If you twist your foot/boot while the ski is anchored in the snow during a turn release can happen, so don't do that, and if your drive your knees so agressivly forward that you pop out of your binding you are no longer over the sweet spot of the ski so don't do that either. I suspect that unintended binding release is due to a mistake the skier made and it is severe enough that for safety reasons the binding pops, as it should.

Folks, as an experiment set your binding at DIN 3 on a green or blue run and concentrate on skiing so smoothly that you wont release, it does wonders for your skiing.

....Ott
Your advice for learning to ski properly is great.....several ways to accomplish that. However, using the old twist and step out to check binding settings is risky and imprecise.

As an experienced skier you know that in higher lever skiing (bumps, steeps, racing, etc) unanticipated things happen. These skiers are skiing at the edge of control and the last thing they want is to prerelease.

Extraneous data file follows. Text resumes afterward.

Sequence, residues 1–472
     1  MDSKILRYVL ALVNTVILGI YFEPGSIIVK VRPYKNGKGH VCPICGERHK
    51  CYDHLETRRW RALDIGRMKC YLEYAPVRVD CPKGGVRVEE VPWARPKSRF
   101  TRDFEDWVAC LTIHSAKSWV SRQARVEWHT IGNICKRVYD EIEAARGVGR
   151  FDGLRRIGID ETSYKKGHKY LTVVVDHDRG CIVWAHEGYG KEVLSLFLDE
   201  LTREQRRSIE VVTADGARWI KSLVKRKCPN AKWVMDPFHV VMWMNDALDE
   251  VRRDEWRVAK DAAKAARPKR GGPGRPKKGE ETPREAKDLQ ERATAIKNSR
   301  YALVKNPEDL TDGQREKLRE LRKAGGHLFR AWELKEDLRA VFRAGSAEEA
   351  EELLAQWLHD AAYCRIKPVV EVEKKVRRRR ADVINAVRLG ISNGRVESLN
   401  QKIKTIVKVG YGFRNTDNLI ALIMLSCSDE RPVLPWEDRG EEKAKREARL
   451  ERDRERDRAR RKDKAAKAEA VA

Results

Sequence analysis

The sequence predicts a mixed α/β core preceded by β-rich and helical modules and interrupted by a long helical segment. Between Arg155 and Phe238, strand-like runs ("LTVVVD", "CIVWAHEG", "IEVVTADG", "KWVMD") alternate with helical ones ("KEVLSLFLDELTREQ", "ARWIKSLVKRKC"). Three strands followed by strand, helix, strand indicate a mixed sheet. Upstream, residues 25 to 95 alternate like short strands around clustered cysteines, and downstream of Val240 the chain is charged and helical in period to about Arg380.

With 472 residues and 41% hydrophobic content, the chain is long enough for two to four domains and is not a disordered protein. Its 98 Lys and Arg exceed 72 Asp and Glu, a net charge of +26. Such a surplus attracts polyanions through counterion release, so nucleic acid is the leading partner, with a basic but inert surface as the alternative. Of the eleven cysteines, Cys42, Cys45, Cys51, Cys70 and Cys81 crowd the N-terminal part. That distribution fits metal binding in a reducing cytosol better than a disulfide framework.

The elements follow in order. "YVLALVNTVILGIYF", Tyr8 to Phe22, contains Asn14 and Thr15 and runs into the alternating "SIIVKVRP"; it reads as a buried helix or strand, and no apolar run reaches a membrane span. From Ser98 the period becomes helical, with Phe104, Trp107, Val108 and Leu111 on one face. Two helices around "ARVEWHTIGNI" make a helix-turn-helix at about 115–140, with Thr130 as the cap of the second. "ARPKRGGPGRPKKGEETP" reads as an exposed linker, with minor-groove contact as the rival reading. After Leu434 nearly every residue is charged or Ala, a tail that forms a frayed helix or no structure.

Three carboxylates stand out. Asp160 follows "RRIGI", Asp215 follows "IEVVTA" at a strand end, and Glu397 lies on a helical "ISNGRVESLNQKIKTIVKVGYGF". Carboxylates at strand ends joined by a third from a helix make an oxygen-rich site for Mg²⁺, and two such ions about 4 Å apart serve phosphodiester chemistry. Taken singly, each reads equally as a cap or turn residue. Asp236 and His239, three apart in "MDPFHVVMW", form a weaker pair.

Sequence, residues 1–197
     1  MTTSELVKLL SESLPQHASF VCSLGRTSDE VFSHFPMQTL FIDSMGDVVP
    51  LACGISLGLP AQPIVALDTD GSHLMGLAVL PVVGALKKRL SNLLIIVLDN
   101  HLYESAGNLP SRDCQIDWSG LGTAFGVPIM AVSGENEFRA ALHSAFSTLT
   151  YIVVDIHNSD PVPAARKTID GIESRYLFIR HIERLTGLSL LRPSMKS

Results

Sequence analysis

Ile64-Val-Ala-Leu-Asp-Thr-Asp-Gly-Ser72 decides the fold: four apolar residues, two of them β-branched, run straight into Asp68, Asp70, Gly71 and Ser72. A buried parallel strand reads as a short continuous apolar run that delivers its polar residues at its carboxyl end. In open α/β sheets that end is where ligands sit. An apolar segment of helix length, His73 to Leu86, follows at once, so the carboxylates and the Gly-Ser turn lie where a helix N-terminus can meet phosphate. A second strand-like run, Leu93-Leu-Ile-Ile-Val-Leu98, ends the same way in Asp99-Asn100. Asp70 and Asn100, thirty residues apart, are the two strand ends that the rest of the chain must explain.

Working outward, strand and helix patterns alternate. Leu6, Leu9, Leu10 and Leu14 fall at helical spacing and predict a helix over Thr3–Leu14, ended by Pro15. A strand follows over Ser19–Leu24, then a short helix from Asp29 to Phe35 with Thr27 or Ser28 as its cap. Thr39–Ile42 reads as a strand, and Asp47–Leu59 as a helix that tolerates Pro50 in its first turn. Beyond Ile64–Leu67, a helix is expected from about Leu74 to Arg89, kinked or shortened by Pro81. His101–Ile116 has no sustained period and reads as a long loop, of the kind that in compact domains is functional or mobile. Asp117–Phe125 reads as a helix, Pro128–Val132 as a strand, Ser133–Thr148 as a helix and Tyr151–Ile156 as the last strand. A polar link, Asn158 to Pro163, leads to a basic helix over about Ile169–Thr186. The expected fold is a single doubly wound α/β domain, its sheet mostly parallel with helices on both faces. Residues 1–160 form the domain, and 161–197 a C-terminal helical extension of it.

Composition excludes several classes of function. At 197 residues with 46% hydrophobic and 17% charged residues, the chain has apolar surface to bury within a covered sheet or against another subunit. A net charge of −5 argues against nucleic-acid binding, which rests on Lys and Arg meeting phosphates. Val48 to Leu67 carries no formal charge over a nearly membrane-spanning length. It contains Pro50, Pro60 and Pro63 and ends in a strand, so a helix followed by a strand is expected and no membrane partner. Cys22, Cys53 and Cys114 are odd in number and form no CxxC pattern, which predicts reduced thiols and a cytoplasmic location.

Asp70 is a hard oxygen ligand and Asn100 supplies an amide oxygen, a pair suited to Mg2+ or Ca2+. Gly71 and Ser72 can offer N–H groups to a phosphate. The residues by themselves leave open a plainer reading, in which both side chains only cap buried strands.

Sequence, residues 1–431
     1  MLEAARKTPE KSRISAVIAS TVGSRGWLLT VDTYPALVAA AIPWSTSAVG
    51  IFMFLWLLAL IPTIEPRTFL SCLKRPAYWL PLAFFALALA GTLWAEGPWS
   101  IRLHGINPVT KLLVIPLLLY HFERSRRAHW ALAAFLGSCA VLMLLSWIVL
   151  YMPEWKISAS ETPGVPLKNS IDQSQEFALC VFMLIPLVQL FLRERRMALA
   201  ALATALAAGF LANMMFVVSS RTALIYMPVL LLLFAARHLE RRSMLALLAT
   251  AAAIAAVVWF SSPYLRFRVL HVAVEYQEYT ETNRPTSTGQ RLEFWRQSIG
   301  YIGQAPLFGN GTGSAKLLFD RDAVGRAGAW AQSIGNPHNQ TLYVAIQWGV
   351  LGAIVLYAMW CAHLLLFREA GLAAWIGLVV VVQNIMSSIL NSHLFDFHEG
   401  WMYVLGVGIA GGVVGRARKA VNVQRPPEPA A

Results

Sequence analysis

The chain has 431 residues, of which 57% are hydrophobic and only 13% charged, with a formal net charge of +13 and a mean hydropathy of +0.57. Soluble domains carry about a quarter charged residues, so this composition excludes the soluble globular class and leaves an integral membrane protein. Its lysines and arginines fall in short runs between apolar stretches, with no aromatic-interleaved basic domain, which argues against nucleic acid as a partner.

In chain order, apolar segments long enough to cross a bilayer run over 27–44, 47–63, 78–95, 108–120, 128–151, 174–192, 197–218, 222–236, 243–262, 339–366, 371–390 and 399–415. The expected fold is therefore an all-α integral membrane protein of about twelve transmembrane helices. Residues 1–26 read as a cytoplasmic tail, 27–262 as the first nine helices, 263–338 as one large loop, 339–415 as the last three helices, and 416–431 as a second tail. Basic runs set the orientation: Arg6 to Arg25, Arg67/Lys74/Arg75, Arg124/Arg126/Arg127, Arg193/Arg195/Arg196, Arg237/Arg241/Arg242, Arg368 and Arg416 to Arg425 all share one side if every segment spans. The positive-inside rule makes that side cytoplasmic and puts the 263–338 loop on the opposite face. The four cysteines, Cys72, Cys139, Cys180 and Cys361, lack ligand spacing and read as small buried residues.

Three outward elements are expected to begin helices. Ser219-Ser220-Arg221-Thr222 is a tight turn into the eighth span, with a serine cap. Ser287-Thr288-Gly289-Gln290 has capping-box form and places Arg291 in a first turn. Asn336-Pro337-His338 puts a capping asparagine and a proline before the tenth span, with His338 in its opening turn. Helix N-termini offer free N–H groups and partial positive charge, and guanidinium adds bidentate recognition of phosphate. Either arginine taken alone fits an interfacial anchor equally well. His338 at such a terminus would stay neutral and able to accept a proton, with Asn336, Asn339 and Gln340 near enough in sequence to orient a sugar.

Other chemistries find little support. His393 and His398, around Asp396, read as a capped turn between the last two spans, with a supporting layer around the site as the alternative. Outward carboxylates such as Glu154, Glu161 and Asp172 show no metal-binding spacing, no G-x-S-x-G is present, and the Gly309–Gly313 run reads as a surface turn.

It is best to determine the proper setting, test the bindings to see if they actually perform as intended, and raise the DIN if needed for more aggressive skiing where the risk of releasing is greater than retention.

I am a little younger than you and my days of real risk taking are over but I still bump up my settings as I am in better shape than most and ski very, very fast.

Unfortunately, I have been ill this year and it looks like my ski season will not happen except in my dreams. I only hope I can recover and ski next year. So, my DIN setting this year is a big fat 0 instead of the normal 8.